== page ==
The linearity measurement setup is presented in fig.6.17. The THD of the opamp was measured as a function of amplitude and frequency. The input sine-wave has been supplied by a low distortion oscillator. THD of the input signal is -90dB which determines the lower limit of the measurable distortion. The THD is independent of the chopper frequency and that is why all linearity measurements have been done with 1MHz chopper frequency. To use the full swing at the output the amplifier has been configured as an inverting amplifier with 0dB gain. The linearity measurement versus amplitude at 1KHz is illustrated in fig.6.18. When the load is 32W , clipping occurs at 1.35V output amplitude. With 1kW load, clipping occurs close to the supply voltage at 1.65V output amplitude. The lowest input signal handled by the the distortion analyzer is 60mV an that is why the THD is not measured at lower amplitudes. For high ohmic loads, the THD is better than -91dB for 1.5V voltage swing. For low ohmic loads, the THD is better than -83dB. The linearity at low amplitudes is impaired by cross-over distortion.

Fig.6.18: THD vs. output amplitude

Fig.6.19: THD vs. output frequency

With high ohmic loads, the linearity of the amplifier is better because the output stage has a higher gain and does not have to deliver large currents to the load. The linearity depends on the quiescent current flowing in the output transistors. The current consumption of the opamp is mostly determined by the quiescent current in the output stage. For the measurements Iq has a value of 300m A. The THD as a function of frequency is illustrated in fig.6.17. It was measured in the audio band with two different loads. The output signal amplitude is 0.8V. The linearity with a 1kW load at 1KHz is better than -88dB and -80dB for a 32W load. At high frequencies, the loop gain falls and the effect of the feedback becomes less effective. The complete summary of performance is shown in Table 6.1.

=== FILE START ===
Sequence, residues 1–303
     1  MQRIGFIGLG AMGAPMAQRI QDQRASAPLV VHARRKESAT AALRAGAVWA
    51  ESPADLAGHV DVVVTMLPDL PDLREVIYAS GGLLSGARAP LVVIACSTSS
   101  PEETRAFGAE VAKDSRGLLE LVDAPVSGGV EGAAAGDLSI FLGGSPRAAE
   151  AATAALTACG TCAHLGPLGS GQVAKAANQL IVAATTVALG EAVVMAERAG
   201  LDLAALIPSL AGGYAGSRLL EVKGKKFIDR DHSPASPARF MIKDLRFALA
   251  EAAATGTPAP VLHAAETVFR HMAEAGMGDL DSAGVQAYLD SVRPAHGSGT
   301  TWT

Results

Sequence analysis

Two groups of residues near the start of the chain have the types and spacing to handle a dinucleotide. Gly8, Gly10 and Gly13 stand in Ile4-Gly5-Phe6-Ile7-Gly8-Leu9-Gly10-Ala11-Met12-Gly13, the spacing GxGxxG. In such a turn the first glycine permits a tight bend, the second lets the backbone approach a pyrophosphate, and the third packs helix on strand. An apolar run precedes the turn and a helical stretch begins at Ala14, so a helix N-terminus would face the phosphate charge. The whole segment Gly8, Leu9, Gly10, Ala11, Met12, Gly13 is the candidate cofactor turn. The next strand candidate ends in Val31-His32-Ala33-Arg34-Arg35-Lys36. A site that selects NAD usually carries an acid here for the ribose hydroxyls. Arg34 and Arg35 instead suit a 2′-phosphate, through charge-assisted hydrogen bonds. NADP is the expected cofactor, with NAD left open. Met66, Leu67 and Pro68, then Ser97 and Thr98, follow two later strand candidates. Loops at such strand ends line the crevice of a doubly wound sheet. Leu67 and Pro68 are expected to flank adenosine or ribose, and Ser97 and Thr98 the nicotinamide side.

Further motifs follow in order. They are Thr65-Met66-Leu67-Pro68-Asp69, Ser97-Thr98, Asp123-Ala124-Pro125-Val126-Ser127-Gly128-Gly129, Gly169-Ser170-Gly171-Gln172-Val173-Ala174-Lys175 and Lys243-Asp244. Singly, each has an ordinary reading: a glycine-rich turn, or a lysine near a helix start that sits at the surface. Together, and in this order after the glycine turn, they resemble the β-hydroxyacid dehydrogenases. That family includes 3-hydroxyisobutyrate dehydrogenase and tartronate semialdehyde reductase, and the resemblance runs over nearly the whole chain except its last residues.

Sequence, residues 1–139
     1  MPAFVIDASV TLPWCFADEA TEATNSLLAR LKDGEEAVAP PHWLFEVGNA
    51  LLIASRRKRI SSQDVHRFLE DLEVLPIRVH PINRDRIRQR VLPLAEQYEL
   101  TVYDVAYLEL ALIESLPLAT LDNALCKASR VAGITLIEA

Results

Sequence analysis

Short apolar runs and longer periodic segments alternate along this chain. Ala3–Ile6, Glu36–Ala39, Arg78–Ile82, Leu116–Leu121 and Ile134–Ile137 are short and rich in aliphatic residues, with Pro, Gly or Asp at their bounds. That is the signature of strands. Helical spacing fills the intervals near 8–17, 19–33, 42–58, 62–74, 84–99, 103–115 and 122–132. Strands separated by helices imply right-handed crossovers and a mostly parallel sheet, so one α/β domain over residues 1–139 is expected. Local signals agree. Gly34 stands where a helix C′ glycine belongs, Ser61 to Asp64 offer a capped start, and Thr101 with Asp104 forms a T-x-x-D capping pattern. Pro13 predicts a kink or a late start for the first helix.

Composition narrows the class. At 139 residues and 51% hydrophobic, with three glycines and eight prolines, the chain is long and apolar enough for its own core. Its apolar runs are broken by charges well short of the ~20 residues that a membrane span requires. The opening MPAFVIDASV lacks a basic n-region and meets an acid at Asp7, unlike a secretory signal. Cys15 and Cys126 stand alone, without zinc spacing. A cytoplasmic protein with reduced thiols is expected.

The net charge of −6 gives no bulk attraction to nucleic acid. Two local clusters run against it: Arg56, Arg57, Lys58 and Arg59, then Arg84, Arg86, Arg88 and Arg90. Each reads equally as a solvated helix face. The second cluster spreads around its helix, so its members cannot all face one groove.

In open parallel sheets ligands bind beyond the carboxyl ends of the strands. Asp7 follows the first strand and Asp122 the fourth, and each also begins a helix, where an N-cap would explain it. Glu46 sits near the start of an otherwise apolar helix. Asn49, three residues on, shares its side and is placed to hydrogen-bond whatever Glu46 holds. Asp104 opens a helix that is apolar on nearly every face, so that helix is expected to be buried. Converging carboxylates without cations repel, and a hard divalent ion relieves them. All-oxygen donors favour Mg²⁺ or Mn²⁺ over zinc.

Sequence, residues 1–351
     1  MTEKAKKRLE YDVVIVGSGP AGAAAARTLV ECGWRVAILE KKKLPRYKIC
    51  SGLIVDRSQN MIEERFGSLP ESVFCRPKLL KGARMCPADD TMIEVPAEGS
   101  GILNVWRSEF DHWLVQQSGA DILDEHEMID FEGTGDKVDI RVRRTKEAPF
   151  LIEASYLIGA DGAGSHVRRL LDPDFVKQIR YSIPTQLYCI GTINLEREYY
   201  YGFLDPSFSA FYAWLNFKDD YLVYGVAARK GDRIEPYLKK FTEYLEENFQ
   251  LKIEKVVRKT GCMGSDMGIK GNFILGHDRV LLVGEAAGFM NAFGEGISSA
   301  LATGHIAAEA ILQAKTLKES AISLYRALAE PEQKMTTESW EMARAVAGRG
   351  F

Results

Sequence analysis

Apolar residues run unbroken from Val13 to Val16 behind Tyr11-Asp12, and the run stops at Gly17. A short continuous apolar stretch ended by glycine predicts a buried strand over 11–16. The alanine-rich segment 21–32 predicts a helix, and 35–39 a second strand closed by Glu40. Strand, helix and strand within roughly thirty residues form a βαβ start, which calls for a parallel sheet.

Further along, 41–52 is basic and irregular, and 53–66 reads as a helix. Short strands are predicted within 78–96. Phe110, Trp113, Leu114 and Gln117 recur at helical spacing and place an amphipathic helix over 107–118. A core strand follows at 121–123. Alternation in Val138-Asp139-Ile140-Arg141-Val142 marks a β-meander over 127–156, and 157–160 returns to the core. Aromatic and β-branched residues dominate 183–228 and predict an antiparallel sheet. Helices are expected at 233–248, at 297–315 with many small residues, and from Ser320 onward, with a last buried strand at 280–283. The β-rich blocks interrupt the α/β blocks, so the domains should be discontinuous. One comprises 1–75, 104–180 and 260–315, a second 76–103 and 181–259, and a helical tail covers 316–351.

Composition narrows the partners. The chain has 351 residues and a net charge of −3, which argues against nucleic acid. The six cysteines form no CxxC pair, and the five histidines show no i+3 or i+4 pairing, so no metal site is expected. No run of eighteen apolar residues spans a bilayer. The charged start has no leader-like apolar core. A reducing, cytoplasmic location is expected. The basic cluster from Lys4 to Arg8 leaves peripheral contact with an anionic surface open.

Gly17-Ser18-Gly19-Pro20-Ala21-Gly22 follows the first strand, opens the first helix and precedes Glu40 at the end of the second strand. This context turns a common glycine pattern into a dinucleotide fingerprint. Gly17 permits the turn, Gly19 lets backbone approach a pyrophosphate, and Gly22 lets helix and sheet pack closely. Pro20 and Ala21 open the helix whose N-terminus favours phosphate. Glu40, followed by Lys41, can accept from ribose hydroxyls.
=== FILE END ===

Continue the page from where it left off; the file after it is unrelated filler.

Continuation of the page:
0.8m m, 1PS, 2AL, CMOS

Supply voltage

3.3V (minimum 1.8V)



Open-loop gain (AOL)

>74dB (RL=32W )



Phase margin


Slew rate

5V/m s

Output swing

2.7Vpp (RL=32W )

Input white noise

18nV/Ö Hz (fchop=1MHz)

DR(in audio band)


s (Offset)|fchop=0



<100m V


-88dB (f=1KHz)

Power Consumption


Table 6.1: Summary of performance

The area of the chip is about 0.16mm2 and a chip photomicrograph is shown in fig.6.20. The power consumption is 1.8mW from a 3.3V power supply. It can work down to 1.8V with reduced swing and DR being able to deliver 160mA with a rail-to-rail output in a 32W load without latch-up. The class AB control circuit of the output stage is limiting the lowest value of the supply voltage at about 2VGS+VDS,sat. In order to work at lower supply voltages another class AB control circuit has to be considered.

Fig.6.20: Chip photomicrograph